Epilepsy has no identifiable cause in about half the people with the condition. In the other half, the condition may be traced to various factors, including:
- Genetic influence. Some types of epilepsy, which are categorized by the type of seizure you experience or the part of the brain that is affected, run in families. In these cases, it’s likely that there’s a genetic influence. Researchers have linked some types of epilepsy to specific genes, but for most people, genes are only part of the cause of epilepsy. Certain genes may make a person more sensitive to environmental conditions that trigger seizures.
- Head trauma. Head trauma as a result of a car accident or other traumatic injury can cause epilepsy.
- Brain conditions. Brain conditions that cause damage to the brain, such as brain tumors or strokes, can cause epilepsy. Stroke is a leading cause of epilepsy in adults older than age 35.
- Infectious diseases. Infectious diseases, such as meningitis, AIDS, and viral encephalitis, can cause epilepsy.
- Prenatal injury. Before birth, babies are sensitive to brain damage that could be caused by several factors, such as an infection in the mother, poor nutrition, or oxygen deficiencies. This brain damage can result in epilepsy or cerebral palsy.
- Developmental disorders. Epilepsy can sometimes be associated with developmental disorders, such as autism and neurofibromatosis.
Certain factors may increase your risk of epilepsy:
- Age. The onset of epilepsy is most common in children and older adults, but the condition can occur at any age.
- Family history. If you have a family history of epilepsy, you may be at an increased risk of developing a seizure disorder.
- Head injuries. Head injuries are responsible for some cases of epilepsy. You can reduce your risk by wearing a seat belt while riding in a car and by wearing a helmet while bicycling, skiing, riding a motorcycle, or engaging in other activities with a high risk of head injury.
- Stroke and other vascular diseases. Stroke and other blood vessel (vascular) diseases can lead to brain damage that may trigger epilepsy. You can take a number of steps to reduce your risk of these diseases, including limiting your intake of alcohol and avoiding cigarettes, eating a healthy diet, and exercising regularly.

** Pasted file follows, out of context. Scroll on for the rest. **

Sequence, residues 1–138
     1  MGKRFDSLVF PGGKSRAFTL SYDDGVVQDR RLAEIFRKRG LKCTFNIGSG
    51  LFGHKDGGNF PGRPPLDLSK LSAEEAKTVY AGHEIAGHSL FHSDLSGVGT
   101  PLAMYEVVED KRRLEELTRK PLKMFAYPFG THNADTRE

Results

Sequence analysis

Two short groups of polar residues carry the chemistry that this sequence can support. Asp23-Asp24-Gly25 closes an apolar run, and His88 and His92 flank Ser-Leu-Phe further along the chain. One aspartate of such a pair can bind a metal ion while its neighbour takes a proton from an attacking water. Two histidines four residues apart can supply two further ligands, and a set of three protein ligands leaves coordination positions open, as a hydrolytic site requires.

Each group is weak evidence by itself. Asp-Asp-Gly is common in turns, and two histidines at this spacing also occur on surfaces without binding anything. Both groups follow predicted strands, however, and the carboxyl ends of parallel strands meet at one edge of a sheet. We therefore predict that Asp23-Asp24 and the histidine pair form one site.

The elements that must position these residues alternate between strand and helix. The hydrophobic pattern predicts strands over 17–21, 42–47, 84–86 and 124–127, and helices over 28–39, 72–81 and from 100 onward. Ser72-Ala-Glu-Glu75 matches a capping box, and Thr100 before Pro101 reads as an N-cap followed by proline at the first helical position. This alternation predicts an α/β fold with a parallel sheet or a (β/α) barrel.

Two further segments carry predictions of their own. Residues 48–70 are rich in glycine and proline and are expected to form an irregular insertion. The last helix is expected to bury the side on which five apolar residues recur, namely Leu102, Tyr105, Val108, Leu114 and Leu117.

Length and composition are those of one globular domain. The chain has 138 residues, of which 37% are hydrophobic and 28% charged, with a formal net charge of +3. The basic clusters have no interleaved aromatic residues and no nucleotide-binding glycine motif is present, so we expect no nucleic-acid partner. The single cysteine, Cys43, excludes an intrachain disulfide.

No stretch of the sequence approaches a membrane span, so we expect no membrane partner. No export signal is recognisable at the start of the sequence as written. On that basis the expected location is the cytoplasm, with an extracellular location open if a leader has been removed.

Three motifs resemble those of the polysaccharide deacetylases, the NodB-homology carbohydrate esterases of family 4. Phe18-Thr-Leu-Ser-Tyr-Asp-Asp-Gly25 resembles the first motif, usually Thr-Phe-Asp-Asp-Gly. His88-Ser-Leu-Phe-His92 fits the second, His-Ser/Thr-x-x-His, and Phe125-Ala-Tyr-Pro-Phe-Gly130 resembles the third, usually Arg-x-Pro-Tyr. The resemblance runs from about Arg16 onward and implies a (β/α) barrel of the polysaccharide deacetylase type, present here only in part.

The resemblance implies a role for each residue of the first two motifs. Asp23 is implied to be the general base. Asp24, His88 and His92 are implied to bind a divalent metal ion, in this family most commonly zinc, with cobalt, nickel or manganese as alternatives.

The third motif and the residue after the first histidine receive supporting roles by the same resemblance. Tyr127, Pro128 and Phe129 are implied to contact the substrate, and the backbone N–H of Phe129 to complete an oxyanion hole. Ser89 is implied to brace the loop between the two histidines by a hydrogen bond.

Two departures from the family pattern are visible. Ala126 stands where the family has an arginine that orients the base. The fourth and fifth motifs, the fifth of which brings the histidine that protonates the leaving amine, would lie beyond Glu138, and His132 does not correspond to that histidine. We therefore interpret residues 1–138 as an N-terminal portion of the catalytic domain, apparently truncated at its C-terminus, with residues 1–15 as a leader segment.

- Dementia. Dementia can increase the risk of epilepsy in older adults.
- Brain infections. Infections such as meningitis, which causes inflammation in your brain or spinal cord, can increase your risk.
- Seizures in childhood. High fevers in childhood can sometimes be associated with seizures. Children who have seizures due to high fevers generally won’t develop epilepsy. The risk of epilepsy increases if a child has a long seizure, another nervous system condition, or a family history of epilepsy.
Having a seizure at certain times can lead to circumstances that are dangerous to yourself or others.
- Falling. If you fall during a seizure, you can injure your head or break a bone.
- Drowning. If you have epilepsy, you’re 15 to 19 times more likely to drown while swimming or bathing than the rest of the population because of the possibility of having a seizure while in the water.
- Car accidents. A seizure that causes either loss of awareness or control can be dangerous if you’re driving a car or operating other equipment. Many states have driver’s license restrictions related to a driver’s ability to control seizures and impose a minimum amount of time that a driver is seizure-free, ranging from months to years, before being allowed to drive.
- Pregnancy complications. Seizures during pregnancy pose dangers to both mother and baby and certain anti-epileptic medications increase the risk of birth defects. If you have epilepsy and you’re considering becoming pregnant, talk to your doctor as you plan your pregnancy. Most women with epilepsy can become pregnant and have healthy babies. You’ll need to be carefully monitored throughout pregnancy, and medications may need to be adjusted. It’s very important that you work with your doctor to plan your pregnancy.
- Emotional health issues. People with epilepsy are more likely to have psychological problems, especially depression, anxiety, and suicidal thoughts and behaviors. Problems may be a result of difficulties dealing with the condition itself as well as medication side effects.